Now on the fun subject of what will happen when we actually release the exes.. :)

    Like Thorsten and Chris said (by the way, both Thorsten and Chris work on the demo team, so they've got the 'insider' knowledge too), we use some of the features that aren't supported on NVidia hardware that are extremely useful for our demo (1010102 formats which allow huge memory savings with good HDR quality, the depth texture formats, 3DC compression and vertex data formats without which this demo would simply not be able to fit into the graphics memory, etc).

    Also, the parallax occlusion mapping technique really takes advantage of the excellent dynamic branching that X1K cards have.
    Whle developing this technique, I ran performance tests on G60 / G70 cards versus the R520 generation and on a typical parallax occlusion mapped scene, performance on G6/70 generation cards is around 30-50% of the R5XX cards depending on the situation.

    So if you wanted to make this demo look exactly as it stands right now and run as smoothly as it does (the average frame rate is around 25-28fps) (as R300King! wanted), it simply would not happen on the current latest generation hardware from NVidia. Even fitting this demo into memory wouldn't work without 1010102 and 3Dc and additional vertex data formats that we use (dec3n, for example). The demo uses a huge amount of texture and vertex data.

    Of course, one could think up alternative ways to implement some of the algorithms that we have used in this demo. For example, you could use relief mapping instead of parallax occlusion mapping. The relief mapping technique performs well on both ATI and NVIDIA hardware because it doesn't utilize dynamic branching and also makes heavy use of the dependent texture reads. However, in my quality results tests for comparison of these two techniques, the relief mapping technique displayed visual artifacts on our current dataset.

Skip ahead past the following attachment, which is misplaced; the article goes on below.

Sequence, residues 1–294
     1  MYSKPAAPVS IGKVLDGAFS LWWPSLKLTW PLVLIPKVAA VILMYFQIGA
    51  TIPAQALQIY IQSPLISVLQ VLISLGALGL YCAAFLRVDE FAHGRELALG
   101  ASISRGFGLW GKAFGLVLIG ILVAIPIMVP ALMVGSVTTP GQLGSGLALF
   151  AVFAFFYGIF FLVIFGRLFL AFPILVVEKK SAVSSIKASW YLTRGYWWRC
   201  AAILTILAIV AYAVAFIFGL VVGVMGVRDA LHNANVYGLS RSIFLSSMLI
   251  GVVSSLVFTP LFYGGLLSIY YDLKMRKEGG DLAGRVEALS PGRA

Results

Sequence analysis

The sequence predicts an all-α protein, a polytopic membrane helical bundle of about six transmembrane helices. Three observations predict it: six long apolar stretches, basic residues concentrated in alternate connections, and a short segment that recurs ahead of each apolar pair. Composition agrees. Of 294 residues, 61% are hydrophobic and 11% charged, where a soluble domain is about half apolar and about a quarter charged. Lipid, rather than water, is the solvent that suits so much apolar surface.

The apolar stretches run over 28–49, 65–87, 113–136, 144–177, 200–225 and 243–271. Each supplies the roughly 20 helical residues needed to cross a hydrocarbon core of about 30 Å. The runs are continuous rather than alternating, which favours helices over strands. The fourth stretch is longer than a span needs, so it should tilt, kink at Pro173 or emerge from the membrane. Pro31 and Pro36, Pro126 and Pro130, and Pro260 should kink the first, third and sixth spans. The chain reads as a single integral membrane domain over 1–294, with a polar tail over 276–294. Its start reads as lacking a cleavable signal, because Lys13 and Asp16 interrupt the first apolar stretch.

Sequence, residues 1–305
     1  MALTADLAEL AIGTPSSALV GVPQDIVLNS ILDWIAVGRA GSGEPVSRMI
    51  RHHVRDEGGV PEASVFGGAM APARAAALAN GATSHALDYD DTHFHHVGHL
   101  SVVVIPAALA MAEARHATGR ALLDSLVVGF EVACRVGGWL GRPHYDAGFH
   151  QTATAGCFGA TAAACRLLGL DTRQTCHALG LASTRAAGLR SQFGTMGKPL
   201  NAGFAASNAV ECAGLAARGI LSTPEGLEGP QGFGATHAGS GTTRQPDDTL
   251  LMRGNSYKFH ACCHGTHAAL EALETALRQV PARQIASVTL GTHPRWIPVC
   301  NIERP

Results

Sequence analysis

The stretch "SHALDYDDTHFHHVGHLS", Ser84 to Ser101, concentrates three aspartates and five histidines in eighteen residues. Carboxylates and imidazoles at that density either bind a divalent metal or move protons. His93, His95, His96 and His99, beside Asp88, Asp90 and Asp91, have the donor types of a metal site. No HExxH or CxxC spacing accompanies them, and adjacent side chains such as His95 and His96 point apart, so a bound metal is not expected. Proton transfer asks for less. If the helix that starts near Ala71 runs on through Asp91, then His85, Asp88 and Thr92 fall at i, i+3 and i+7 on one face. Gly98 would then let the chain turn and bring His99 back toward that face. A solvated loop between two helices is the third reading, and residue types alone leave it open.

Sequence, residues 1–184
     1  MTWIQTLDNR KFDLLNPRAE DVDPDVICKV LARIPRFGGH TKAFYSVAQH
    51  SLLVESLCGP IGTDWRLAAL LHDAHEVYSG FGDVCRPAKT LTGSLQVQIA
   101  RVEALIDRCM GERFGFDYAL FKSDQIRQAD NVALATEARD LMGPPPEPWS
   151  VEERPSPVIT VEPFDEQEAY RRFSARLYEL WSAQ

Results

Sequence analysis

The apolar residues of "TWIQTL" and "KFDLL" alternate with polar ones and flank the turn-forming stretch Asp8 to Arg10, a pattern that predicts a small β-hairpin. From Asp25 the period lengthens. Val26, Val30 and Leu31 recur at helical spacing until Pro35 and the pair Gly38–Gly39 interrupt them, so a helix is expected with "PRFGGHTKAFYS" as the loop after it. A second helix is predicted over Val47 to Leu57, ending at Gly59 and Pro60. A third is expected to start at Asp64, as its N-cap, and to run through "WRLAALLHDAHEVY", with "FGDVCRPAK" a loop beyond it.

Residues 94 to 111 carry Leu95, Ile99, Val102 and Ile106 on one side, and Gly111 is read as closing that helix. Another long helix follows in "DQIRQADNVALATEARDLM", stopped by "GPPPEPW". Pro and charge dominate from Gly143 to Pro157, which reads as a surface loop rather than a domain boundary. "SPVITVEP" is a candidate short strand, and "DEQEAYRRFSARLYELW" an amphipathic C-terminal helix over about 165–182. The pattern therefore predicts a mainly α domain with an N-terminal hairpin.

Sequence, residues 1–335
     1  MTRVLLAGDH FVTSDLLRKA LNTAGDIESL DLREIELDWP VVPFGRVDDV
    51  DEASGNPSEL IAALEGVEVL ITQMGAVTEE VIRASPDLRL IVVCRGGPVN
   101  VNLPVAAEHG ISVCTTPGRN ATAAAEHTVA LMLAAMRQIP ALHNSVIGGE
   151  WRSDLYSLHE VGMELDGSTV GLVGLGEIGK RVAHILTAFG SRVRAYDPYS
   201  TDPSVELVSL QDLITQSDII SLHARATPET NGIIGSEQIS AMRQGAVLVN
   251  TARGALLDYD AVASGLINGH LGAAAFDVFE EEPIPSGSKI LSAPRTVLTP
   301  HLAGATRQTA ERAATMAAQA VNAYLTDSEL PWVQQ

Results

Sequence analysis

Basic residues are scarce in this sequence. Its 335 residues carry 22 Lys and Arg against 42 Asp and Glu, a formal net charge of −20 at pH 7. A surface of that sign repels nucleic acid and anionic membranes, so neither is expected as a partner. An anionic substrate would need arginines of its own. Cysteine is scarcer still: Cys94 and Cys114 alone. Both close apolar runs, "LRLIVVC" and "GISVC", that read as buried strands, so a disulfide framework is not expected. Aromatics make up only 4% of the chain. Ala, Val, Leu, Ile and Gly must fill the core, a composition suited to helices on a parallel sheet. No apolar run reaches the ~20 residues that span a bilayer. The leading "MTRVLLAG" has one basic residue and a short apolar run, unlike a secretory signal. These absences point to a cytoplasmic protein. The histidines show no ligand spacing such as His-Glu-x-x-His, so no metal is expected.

But since we too love comparing things against all possible platforms, we will post some of our demo effects in RenderMonkey workspaces and you can certainly run them on both platforms. :cool:

    We have tried and they don't.

    The demo could run on Xenos and will run quite well. But we haven't tested this theory.

    Again, thanks you guys. It's awesome to read this lively discussion and to see the interest this demo have generated!
     
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  19. Geo

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    Thanks for stopping by with the info, Chris, Thorsten, and Natasha! :smile:

    It must have been a very, very cool feeling to hear the Big Boss cite Guru3D's reaction to your demo as his very favorite review snippet in the conference call last week. Good on y'all. . .
     
    #79 Geo, Oct 12, 2005
    Last edited by a moderator: Oct 12, 2005
  20. Joe DeFuria